I'm working on a project where I have an Arduino Ethernet Shield and one, and I plugged everything locally configure a router and it works but now I want to access and control the Arduino from another network (remotely). I need a public IP? or is there another way?
If you don't want to pay for a static IP, you can sign up for a service such as dyn-dns that will map a domain name to your IP as it changes. You will need a PC on the network to run their client software though. Also, I wouldn't recommend dyn-dns - they recently instituted a policy that you have to respond to an email every month to keep your free service alive. There are other free equivalents though.
I've been researching this same topic and find it incredibly difficult to get a complete answer, especially concerning which router/cable modem/DDNS service combo works best/easiest/or even works at all.
There seems to be two basic approaches (very briefly and probably only semi-accurate to NA)--
An external server that devices attached to your local network can communicate with through the internet, such as xively (formerly pachube) or others. Most seem to have a minimum service free version or be a user-supported school project of some kind. To access your devices remotely you would need to access the external server which I believe can only pass information back and forth to your home network when your devices contact the server.
The other approach is to allow external access to devices on your own home network through your router so in effect you could sign on directly to the device from the internet. As the other reply noted you need a method to locate your device on the internet. Your internet provider normally uses an address that changes over time and is resolved between the provider and your modem. They can provide a static IP address at extra cost (~$20/month in my case). With a set address you can set your domain name to point where you want it. Or you can use a service like dyn-dns (or a dozen others) to translate your current dynamic address from the internet service provider into a stable domain name.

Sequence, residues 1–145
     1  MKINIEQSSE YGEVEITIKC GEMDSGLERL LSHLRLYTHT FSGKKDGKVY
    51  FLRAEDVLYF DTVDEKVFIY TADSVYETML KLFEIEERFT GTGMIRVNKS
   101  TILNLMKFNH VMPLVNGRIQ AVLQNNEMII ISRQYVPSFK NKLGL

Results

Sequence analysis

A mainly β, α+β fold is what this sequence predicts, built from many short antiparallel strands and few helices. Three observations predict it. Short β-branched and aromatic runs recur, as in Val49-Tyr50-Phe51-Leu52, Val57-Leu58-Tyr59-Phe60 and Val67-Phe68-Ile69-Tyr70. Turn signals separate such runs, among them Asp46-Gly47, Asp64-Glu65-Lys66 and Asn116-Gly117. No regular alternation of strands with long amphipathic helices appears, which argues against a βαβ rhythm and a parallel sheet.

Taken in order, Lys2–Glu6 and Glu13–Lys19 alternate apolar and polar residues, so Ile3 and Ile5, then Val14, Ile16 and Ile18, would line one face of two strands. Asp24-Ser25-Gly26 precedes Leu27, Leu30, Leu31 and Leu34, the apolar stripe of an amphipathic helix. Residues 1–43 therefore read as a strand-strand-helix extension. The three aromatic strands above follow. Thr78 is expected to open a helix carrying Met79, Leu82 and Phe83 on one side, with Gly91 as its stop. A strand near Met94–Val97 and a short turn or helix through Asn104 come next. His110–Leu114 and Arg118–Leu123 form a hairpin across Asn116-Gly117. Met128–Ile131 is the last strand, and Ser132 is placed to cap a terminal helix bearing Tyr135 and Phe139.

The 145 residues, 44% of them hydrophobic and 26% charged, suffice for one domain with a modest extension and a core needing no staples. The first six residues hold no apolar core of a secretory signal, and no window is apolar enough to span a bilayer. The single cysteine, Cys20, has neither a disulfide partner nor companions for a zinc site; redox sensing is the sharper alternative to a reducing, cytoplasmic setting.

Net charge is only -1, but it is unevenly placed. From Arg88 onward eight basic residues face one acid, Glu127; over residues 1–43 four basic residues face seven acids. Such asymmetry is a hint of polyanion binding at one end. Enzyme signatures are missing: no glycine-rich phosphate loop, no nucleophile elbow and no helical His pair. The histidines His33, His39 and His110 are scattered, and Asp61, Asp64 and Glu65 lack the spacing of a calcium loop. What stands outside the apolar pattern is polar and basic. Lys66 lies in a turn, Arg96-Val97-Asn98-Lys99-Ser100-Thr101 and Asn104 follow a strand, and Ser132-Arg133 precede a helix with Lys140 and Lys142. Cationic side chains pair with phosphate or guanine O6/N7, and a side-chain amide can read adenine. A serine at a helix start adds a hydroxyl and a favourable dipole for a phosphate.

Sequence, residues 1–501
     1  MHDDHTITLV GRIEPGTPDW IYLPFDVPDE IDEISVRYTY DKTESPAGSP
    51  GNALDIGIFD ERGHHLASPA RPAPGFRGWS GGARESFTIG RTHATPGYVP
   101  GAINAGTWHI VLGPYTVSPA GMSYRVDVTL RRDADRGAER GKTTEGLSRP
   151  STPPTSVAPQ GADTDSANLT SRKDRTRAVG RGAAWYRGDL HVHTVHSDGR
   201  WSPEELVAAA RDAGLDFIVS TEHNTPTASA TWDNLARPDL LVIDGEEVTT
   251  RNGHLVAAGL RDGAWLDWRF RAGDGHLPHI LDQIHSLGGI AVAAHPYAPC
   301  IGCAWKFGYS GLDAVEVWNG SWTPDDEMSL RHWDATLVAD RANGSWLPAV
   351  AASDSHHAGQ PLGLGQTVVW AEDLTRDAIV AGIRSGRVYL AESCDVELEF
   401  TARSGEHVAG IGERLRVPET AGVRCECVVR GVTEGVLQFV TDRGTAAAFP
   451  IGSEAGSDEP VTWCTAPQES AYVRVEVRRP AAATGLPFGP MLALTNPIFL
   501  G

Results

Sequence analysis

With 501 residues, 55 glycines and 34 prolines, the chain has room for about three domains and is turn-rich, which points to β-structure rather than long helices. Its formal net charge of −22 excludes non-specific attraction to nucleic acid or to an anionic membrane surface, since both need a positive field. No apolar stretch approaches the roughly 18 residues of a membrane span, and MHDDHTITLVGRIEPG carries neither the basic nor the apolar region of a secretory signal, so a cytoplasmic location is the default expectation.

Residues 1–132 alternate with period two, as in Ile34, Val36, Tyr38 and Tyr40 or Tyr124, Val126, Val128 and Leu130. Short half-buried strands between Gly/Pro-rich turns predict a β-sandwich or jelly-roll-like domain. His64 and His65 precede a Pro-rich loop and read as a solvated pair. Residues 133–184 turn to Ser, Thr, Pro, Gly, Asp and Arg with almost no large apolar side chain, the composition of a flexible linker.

So far the Cable company technical people were unable to help except to say that the only way a static IP was available was through a business rather than residential cable plan at higher cost.
It does appear though that many relatively recent routers are capable of broadcasting the current dynamic IP address automatically to the DDNS servers in which case no PC-level computer needs to be powered up on the home network. For Arduino projects having to have a PC on all the time as a gateway kind of defeats the purpose, doesn't it? Unfortunately there does not seem to be much information regarding which model routers work with which services. I currently have some questions in to DLink regarding one router that's available locally. DLink also has some sort of deal with dyn-dns for a free account but I am not clear on the details.
I haven't contacted any of the other router manufacturer's but I would be happy to update with info from Dlink if they respond. So far the on-line technical support directed me to sales email so I am not overly confident.
PS: Safety first!!! Make sure you set up adequate security (like a firewall) if allowing external access to your network.
In case anyone wanted some additional info:
Finally had a chance to test the dynamic dns setup with the new router. The Dlink router appears to be correctly updating the DDNS entry without any PC intervention. I believe it will automatically keep the DDNS entry updated even if no pc is powered up. Worked with the Ethernet server example and connected through the internet with only a small amount of fiddling (mostly to do with ports) -- very cool.
NOTE though that the router I have appears to do the ddns update automatically only for dyndns.com and doesn't appear to be able to work automagically with any other service. By using www.dlinkddns.com you can set up one free domain name through dyndns. The name will be xxxxxxx.dlinkddns.com.
Though I guess it should have been obvious (duh!) when testing you will need to supply the port number and must not use www or http in the domain. I found it easiest to set the router up to respond to pings until I got it right.
Hi Doug , Man, I am battling for a week now to get WAN access to my network. I got a D-link modem.
Applied for a domain name with dlinkddns.com entered it in the spaces provided but can only access my webserver from my local PC.I.E LAN If I try from another PC via another ISP in other words WAN it cannot find it. So please, can you explain. in detail what I must put where in the Dynamic dns user name? is that my username with the service provider firstname.lastname@example.org I did fill that in but still no joy. What must I put in port forwarding? I put webserver HTTP some port numbers and for server ip the ip address as per sketch. What I am missing here?
What I am missing here?
Is your D-link modem a router or an Ethernet modem that takes input from a cable company? Got a link to it?
Hi zoomkat. thanks for the question.
The modem, is a router connected to an ADSL line to my telephone company. By the way I got the Dyn ip working but still cannot call up the webpage from another PC via a different ISP. Wifi. I can however call it up form the PC connected to the router.
Does that help you?.